Cambodia, Jamaica to roll out digital IDs, Bangladesh plans issuance for farmers
The issuance of digital IDs in Jamaica is expected to begin this year, a government official has announced, following the passage by Parliament last year of the National Identification and Registration Act for the full implementation of the national identification system (NIDS).
In Cambodia, plans are also underway for the introduction of digital ID cards, birth certificates and passports, while Bangladesh is looking at the possibilities for assigning digital IDs and smart cards to identify farmers and enable them to have easy access to government grants.
In neighboring Nepal, vaccination against COVID is now possible for everyone including those without digital ID cards. The ID documents used to be a requirement for one to take the jab.
Jamaica digital ID available soon
The Governor-General Sir Patrick Allen said in his recent throne speech during a parliamentary opening session that the introduction of the digital ID cards is part of the country’s digital transformation efforts which seek to create a unique and trusted ID to enable citizens have access to services, writes the Jamaica Gleaner.
According to Allen, the rollout of the ID which has been made almost unavoidable by the pandemic, will be done when the country celebrates its 60th independence anniversary.
“This is a critical milestone in our digital transformation. In this our 60th year, we will pass the associated regulations for the Act and issue our first National Identification cards,” said Allen.
The Jamaica Gleaner notes that Floyd Green was recently called back by Prime Minister Andrew Holness to serve in the Prime Minister’s office and coordinate activities concerning the implementation of the National Identification Service (NIDS).
Jamaica’s identity plans have proved controversial for the scope of what it intends to collect and the data protection in place.
Cambodia to digitize ID documents, collect biometrics
Identity documents such as birth certificates, identity cards and passports in Cambodia will soon be issued in digital format to enable citizens have access to a broader range of services, reveals Khmer Times, citing the deputy director of the General Department of Identification in the Ministry of Interior, Lieutenant General Top Neth.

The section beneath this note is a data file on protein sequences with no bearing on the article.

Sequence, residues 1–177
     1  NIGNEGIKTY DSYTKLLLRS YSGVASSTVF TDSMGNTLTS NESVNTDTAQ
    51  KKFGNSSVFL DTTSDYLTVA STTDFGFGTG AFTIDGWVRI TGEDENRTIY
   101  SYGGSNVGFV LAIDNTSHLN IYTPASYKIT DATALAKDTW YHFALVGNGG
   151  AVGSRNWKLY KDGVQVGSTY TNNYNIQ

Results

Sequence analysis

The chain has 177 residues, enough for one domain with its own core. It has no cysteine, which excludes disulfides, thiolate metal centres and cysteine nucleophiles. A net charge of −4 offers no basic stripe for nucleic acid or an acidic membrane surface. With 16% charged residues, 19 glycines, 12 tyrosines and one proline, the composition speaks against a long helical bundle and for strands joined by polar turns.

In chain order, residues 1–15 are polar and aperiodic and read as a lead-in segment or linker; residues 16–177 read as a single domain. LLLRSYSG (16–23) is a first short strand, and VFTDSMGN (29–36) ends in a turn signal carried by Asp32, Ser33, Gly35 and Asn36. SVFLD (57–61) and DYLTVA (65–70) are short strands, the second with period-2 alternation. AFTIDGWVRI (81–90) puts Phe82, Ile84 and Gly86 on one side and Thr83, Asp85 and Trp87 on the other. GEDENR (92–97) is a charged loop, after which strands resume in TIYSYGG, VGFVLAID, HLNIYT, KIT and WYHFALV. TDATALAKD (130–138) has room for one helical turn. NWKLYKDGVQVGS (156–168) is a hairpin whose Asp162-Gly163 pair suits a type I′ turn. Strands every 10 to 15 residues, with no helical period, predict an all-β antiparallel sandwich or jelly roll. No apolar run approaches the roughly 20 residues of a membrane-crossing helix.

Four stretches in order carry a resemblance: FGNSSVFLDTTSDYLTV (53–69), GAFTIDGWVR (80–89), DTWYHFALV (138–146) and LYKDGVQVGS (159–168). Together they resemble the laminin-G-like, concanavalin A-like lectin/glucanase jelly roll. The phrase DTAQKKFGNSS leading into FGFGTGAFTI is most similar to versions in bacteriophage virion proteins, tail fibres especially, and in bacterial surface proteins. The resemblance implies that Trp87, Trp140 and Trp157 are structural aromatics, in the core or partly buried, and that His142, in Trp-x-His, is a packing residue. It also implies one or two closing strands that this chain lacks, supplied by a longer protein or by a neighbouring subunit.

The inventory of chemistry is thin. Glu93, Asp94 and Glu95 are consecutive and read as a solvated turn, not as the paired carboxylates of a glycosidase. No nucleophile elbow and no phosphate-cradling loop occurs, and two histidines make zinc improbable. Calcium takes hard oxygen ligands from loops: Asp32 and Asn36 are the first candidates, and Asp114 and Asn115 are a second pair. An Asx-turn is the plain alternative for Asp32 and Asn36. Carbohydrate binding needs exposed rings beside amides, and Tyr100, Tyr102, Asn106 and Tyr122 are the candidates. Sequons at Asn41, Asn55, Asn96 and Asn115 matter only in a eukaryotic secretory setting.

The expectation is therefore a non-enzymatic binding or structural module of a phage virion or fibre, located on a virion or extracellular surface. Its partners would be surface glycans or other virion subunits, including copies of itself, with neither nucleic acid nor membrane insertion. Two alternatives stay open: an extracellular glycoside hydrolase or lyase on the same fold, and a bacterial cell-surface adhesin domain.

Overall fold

The official told the outlet that the digital ID system dubbed ‘Integrated Population Identification System’, which falls in line with the country’s 10-year national strategic plan on identification (2017-2026) will entail the collection of biometrics that will be encrypted and securely stored in a database.
Neth added that the introduction of the digital ID is also for convenience as citizens can use it to have access to a variety of services online.
“It is easy, it’s simple and faster since the person’s data is in the government server. The applicants need no longer go to the commune to apply for these documents. The government has made it easier for the people to get them without much hassle,” he is quoted as saying.
Neth also disclosed that the country has since 2014 issued about 2.2 million passports and about 11.5 million national ID cards. He called on citizens who do not have the ID cards to apply for one.
ID cards, smart cards for Bangladeshi farmers by 2024
In order to better identify and reach out to farmers to offer farm inputs and other incentives, the Bangladeshi government says it is working out a plan to issue IDs and smart cards to them, per UNB.
According to the report, the digital ID system for farmers will facilitate provision of services on demand as well as the sharing of eligibility data through digital analysis and management.
Expected to be implemented by September 2024, Bangladeshi authorities say the project will cost a total Tk 1.1 billion (US$12.6 million) and will involve nearly 20 million farmers.
The digitized cards are also expected to help tackle some of the problems that frequently crop up when banks disburse incentives to farmers, such as lost legacy ID cards.
IDs no longer required for COVID jabs in Nepal
The country’s Ministry of Health and Population says the move is to allow many more people, who hitherto were prevented from coming forward, to now take the COVID jab without restrictions, writes The Kathmandu Post.
Prior to the decision which was taken at a recent ministerial meeting, all citizens above 17 years of age had to present either their government-issued ID card, citizenship certificate, passport or voter’s card to be able to have a vaccine, while students below 17 were required to present their school IDs, per the report.
The Post quotes Dr. Bibek Kumar Lal, director at the Family Welfare Division in the Department of Health Services as acknowledging that the decision comes as a relief for thousands of citizens who find it difficult obtaining the government ID.
Nepal is looking to vaccinate 26 million eligible citizens, and so far, 16.3 million are said to be fully vaccinated against the virus, the Post notes.